With all of the elements painted by hand and constructed of wood, metal or plastic, the scenes in each commercial tell a story of transformation. The first TV spot shows a man sitting on the street and looking hungry and dejected until he is brought inside and served a hot meal. In the second, a mother and child shiver in the cold until they receive warm winter clothing. In the third, a man is sleeping outside on a cardboard box until he wakes up in a warm bed. The transformation in each scene is triggered by a coin dropping into a Salvation Army Christmas kettle.
“We wanted to help people understand why they should give to The Salvation Army at Christmas,” says John McAlister, national director of marketing and communications. “Although our kettles are very visible, many Canadians don't know what The Salvation Army is about and may be reticent to give. These TV commercials not only catch people's attention, but also illustrate that the money given to The Salvation Army helps feed, clothe and shelter vulnerable people.”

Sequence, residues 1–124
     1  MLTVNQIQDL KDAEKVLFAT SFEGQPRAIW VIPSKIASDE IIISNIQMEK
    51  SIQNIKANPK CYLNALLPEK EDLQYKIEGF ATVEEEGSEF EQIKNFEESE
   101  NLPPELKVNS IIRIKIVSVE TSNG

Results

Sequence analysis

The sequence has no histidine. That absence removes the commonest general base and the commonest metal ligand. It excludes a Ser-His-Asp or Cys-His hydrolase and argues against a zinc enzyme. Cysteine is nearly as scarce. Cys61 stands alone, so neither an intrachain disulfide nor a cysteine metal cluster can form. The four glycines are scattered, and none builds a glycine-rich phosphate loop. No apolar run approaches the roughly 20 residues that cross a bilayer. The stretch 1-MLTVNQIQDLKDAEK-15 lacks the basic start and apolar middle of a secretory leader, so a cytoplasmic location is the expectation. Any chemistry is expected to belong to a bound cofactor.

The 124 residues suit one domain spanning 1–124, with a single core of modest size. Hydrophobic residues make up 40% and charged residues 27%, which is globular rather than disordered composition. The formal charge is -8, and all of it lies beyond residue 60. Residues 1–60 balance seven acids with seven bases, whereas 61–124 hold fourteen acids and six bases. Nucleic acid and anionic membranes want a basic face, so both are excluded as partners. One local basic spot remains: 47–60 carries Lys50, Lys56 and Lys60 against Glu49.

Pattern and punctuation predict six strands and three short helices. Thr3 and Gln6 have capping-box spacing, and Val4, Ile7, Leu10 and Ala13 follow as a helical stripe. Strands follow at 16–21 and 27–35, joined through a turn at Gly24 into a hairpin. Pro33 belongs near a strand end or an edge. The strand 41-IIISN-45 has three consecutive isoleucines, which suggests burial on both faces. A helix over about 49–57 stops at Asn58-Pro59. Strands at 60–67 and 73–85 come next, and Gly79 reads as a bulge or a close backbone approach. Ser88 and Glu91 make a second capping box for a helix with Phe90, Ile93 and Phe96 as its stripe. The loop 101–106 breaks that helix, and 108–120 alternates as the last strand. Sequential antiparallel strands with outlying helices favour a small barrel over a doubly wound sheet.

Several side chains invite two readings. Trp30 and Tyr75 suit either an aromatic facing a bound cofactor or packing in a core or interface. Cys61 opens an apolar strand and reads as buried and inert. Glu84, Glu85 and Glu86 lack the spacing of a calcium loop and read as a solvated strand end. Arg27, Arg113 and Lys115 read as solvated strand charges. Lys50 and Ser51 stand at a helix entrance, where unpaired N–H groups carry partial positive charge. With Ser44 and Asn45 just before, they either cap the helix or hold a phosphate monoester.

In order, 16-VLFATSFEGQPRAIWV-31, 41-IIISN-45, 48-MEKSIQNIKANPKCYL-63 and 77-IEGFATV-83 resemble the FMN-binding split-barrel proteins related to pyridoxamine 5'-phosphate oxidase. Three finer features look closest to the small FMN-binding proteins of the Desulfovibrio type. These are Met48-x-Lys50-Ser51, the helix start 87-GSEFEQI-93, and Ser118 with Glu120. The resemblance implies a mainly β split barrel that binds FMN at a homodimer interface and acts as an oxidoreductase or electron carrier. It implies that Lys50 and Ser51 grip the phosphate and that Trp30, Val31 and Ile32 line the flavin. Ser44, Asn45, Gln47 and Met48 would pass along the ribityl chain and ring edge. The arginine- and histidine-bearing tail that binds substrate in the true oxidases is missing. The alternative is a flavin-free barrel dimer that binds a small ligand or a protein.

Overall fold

In addition to English and French, the TV commercials were produced in Cantonese, Mandarin and Punjabi.
This year, the Army's iconic Christmas kettle will be hosted at more than 2,000 storefront, sidewalk and shopping mall locations across the territory.
“Our goal for this year's Christmas kettle campaign is to raise $21 million, which will allow us to provide direct, compassionate, hands-on service to any individual seeking assistance,” says Commissioner Brian Peddle, territorial commander.
In addition to the kettles found "on location" throughout the territory, people can donate online to a kettle in their area through FilltheKettle.com. As well, individuals and groups can host an online kettle and invite their family and friends by email to donate to the Army.
For more information about the 2013 Christmas kettle campaign, visit SalvationArmy.ca.